Before that could happen, Dewey showed up at Sewell's office in November with an unexpected offer and a startling revelation.
Dewey explained that Driggers was planning to leave the chaplaincy to become North Charleston's new police chief. Dewey felt at peace with Driggers' move, but he also needed help, and he wasn't quite sure what he was going to do. He told Sewell the answer came to him in the middle of the night.
"At 2 a.m., the Lord woke me up and said 'Go talk to Harry,' " Dewey said. "I told (Sewell) 'God has put it in my heart that you are supposed to become deputy senior chaplain. I feel like God is calling you to be with us.' "
Sewell had worked closely with the chaplaincy over the years and had served as vice president of its board of directors. But he and Dewey had never discussed him coming to work for the organization before.
"I said 'Rob, this is kind of scary. Give me a few days to pray about it,' " Sewell recalled. "I did, and I accepted the position."
Still a protector
For Sewell, the job seemed a natural fit. He knew first-hand the type of grisly, tragic and unnerving events police, firefighters and paramedics encounter in the course of their jobs. Sewell said he has felt honored - blessed, even - to provide comfort to those folks, as well as crime victims struggling to cope with loss and adversities.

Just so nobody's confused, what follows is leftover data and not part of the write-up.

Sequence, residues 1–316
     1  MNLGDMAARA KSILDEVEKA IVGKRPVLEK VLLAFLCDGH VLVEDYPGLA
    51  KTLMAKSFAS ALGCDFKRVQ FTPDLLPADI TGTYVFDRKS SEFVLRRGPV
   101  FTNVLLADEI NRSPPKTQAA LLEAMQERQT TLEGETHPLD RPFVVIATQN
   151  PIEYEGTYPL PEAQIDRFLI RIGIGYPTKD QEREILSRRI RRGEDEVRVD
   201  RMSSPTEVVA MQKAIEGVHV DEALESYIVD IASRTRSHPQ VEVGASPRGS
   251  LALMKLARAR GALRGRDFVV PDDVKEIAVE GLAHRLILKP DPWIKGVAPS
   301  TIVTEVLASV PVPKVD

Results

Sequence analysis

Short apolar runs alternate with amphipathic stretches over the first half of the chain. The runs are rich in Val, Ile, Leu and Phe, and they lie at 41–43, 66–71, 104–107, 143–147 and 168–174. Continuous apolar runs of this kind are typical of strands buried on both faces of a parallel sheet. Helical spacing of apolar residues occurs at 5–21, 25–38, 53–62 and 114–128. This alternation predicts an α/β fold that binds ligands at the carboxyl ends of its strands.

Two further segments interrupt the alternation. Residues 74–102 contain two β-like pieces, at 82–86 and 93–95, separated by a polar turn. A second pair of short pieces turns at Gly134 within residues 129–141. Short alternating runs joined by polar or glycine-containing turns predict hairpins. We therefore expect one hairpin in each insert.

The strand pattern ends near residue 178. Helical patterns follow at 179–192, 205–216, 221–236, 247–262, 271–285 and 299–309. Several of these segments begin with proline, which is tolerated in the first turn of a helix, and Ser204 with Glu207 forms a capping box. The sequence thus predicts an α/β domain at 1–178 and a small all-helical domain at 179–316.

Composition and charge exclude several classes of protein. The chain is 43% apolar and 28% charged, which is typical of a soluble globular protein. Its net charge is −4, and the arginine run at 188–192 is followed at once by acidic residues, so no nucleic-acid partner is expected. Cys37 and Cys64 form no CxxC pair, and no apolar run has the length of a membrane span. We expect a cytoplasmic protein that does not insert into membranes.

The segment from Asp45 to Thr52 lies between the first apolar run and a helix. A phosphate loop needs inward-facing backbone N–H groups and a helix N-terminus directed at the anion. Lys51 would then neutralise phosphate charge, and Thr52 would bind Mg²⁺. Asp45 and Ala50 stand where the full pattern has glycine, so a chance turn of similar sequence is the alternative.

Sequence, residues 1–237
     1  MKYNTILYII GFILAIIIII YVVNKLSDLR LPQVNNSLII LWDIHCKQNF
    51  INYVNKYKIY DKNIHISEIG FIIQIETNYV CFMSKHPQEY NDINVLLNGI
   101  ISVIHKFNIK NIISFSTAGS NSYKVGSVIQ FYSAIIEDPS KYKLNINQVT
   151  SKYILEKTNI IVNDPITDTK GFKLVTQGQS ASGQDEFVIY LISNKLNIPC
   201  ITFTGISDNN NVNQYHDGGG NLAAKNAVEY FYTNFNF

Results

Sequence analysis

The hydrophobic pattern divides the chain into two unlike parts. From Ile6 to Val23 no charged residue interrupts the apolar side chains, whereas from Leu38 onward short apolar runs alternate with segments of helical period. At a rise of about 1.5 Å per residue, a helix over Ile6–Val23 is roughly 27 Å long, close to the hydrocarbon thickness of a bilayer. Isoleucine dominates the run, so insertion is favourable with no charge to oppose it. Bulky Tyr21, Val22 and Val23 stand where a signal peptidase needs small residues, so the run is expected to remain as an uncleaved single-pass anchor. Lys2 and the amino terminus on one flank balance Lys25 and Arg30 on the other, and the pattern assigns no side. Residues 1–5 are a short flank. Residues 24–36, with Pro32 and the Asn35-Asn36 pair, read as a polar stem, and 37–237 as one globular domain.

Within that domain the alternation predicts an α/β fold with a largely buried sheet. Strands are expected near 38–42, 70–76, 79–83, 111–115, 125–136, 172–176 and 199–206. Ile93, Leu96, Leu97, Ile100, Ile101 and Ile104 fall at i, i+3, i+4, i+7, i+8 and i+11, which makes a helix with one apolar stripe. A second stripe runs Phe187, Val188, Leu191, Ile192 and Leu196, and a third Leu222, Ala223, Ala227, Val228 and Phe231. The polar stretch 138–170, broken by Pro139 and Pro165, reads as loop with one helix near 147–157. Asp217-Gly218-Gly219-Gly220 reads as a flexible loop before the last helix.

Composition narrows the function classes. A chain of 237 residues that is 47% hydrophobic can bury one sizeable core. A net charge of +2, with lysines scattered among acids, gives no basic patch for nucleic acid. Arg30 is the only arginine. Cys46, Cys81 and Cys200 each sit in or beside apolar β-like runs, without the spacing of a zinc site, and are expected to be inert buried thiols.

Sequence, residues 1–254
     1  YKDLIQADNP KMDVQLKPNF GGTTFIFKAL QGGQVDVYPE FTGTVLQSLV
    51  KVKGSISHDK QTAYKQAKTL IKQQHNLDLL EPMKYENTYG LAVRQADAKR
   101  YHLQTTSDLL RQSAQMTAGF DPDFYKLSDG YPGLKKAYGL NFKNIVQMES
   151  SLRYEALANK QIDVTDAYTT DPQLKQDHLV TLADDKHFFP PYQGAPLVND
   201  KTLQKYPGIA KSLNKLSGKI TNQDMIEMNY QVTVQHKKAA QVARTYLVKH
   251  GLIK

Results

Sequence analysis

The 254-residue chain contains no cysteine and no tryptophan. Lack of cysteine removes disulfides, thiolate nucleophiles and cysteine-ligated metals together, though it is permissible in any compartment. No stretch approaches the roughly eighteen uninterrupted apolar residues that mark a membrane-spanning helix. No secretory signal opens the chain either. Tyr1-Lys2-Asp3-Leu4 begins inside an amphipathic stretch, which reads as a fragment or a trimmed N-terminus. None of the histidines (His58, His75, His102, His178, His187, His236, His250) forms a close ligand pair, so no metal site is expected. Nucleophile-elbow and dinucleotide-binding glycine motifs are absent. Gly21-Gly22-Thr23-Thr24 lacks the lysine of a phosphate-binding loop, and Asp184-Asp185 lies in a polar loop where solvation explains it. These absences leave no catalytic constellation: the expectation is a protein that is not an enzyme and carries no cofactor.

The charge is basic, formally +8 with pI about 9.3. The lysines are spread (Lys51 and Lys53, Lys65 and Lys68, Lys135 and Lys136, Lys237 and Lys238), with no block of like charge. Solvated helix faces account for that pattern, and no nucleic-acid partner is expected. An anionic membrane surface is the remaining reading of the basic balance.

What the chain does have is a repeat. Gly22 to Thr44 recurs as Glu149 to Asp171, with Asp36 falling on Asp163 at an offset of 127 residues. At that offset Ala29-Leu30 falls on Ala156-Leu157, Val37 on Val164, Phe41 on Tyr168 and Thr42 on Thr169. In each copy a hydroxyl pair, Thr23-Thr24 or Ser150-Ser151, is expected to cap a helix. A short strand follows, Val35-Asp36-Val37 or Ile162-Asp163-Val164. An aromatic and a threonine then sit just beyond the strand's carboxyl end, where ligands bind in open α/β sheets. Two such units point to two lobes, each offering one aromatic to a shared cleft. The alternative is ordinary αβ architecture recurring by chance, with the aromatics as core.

"That's where I've always loved to be, with somebody who is hurting," he said, to give them words of encouragement or just a hug.
Last year, the family of Dara Watson cited Sewell by a name in a letter to The Post and Courier thanking those who offered support and help when the 30-year-old Mount Pleasant woman went missing in February. She was later found dead in the Francis Marion National Forest, killed by her fiancé before he took his own life. During the week-long search for her body, the family wrote, Sewell and others prayed and grieved with her relatives.
Sewell said there have been many such occasions over the years, and he is ready to help again whenever he is needed - badge or no badge.
"I'm still a protector," he said. "I will be just protecting in a different way, working on the nurturing side of the things instead of carrying a gun."